### Arithmetic

`x`+

`y`

`x`-

`y`

`x`*

`y`

`x`/

`y`

`x`div

`y`

`x`mod

`y`

`x`

Addition (+), subtraction (-), multiplication (*), and division (/) are
all defined as usual. Division also offers two special operators:
`x` div `y` is the integer quotient of `x` and
`y`, and `x` mod `y` is the integer
remainder.

Normal arithmetic precedence rules are followed:
`a`+`b`*`c` means
`a`+(`b`*`c`). Parentheses may be used to
clarify.

### ?a..b?, ?a,b,c?: Random numbers and choices

`start`..

`end`?

`val1`,

`val2`,

`val3`,⋯?

Randomly picks a value. In the first form, the value is any floating-point number in the given range (inclusive). In the second form, you list out all the values and one of them is randomly picked. The first form always operates on numbers; the second form may use strings as well.

### |x|, |x,y|: Magnitude (absolute value)

`number`|

`x`,

`y`|

The first form computes the absolute value of `number`. This
just makes negative numbers positive; another way of looking at it is that
it just computes the distance from 0 to `number`.

The second form computes the distance from (0,0) to
`(x,y)` in a 2-dimensional plane.

### <x,y>: Angle to a point

`x`,

`y`>

Computes the angle, in degrees, from the positive X axis to the line from
(0,0) to `(x,y)`, counterclockwise. (`x` and `y`
may be any numbers; they need not be on-screen pixel coordinates.)

For example, <1,1> is 45, <0,1> is 90, <-1,0> is 180, and <0,-1> is 270.

As a special case, the value of <0,0> is defined to be 0. (Since a line of any angle passes through just the point (0,0), we could have chosen any value we wanted, or made it an error, but 0 makes things easier.)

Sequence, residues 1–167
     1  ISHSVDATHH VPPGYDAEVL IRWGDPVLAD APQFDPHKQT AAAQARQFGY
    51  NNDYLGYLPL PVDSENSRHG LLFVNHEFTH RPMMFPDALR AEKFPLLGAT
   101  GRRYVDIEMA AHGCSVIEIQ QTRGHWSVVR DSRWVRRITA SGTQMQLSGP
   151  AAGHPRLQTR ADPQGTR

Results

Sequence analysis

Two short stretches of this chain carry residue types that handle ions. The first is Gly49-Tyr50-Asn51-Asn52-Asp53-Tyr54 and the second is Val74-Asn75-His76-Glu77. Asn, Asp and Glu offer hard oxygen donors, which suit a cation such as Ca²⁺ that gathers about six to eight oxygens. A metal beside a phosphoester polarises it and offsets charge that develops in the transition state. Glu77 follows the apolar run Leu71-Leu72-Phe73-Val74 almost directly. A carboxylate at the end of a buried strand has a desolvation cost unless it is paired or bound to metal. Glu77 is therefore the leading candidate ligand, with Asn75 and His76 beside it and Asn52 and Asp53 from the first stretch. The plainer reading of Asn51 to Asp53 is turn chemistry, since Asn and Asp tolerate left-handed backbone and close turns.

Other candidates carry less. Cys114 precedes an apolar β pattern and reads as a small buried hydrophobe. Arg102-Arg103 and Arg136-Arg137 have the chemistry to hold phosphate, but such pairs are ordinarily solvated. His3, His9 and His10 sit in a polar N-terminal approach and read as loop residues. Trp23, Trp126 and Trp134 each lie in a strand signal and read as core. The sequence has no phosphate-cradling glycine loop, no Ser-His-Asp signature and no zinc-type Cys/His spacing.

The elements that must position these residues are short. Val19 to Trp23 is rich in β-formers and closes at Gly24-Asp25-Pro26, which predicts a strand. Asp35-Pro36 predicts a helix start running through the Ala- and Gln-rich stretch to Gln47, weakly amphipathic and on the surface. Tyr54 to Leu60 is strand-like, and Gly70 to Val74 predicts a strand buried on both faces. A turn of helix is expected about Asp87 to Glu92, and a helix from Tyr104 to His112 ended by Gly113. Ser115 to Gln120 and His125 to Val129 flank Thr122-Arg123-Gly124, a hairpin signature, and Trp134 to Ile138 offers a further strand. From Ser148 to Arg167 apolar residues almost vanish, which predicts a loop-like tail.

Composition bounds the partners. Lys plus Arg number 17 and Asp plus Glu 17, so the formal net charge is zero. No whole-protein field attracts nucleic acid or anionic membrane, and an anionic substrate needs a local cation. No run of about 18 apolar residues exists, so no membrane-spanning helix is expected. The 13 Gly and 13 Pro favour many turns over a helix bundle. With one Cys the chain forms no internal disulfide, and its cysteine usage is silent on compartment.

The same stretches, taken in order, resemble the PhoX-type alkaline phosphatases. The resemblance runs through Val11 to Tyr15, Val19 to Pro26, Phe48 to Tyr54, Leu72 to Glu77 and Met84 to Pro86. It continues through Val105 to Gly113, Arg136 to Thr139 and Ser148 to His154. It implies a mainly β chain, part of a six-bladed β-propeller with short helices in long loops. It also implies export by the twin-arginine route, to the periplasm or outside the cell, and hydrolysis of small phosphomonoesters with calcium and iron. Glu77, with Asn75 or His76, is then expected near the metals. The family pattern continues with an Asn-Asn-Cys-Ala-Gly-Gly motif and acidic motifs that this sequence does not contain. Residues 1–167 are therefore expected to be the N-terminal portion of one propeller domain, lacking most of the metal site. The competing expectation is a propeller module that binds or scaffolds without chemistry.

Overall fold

### Rounding to integers

`x`

Rounds `x` to the nearest integer, so that 1.2 becomes 1 and 1.8
becomes 2. 1.5 rounds up to 2 as well.

`x`

Chops off the fractional part of `x`, so that 1.2, 1.8, and 1.5
all become 1, and -1.2, -1.8, and -1.5 all become -1.

`x`

Rounds `x` up to the next larger integer, so that 1.2, 1.8, and
1.5 all become 2, and -1.2, -1.8, and -1.5 all become -1.

`x`

Rounds `x` down to the next lower integer, so that 1.2, 1.8, and
1.5 all become 1, and -1.2, -1.8, and -1.5 all become -2.

### sqrt: Square root

`value`

Returns the square root of `value`. If `value` is
negative, ends the program with an error.

### curt: Cube root

`x`

Computes the cube root of `x`.

### sgn: Get the sign of a number

`x`

Returns -1 if `x` is less than zero, 0 if `x` is equal
to zero, or 1 if `x` is greater than zero.

### exp: Exponential growth

`x`

Returns `e` raised to the power of `x`, where
`e` is Euler's constant, roughly equal to 2.71828. This is the
opposite of ln.

### ln: Natural logarithm

`x`

Returns the natural logarithm of `x`. Causes an error if
`x` is less than or equal to zero. This is the opposite of exp.

### Trig functions

`angle`

`angle`

`angle`

`angle`

`angle`

`angle`

Returns the sine, cosine, tangent, cotangent, secant, or cosecant of
`angle`, which must be given in degrees.

Note these identities:

`a`= sin

`a`/ cos

`a`

`a`= cos

`a`/ sin

`a`

`a`= 1 / cos

`a`

`a`= 1 / sin

`a`

Since both cosine and sine functions can be 0, the tangent, cotangent, secant, and cosecant functions can each create a division-by-zero error at the appropriate place.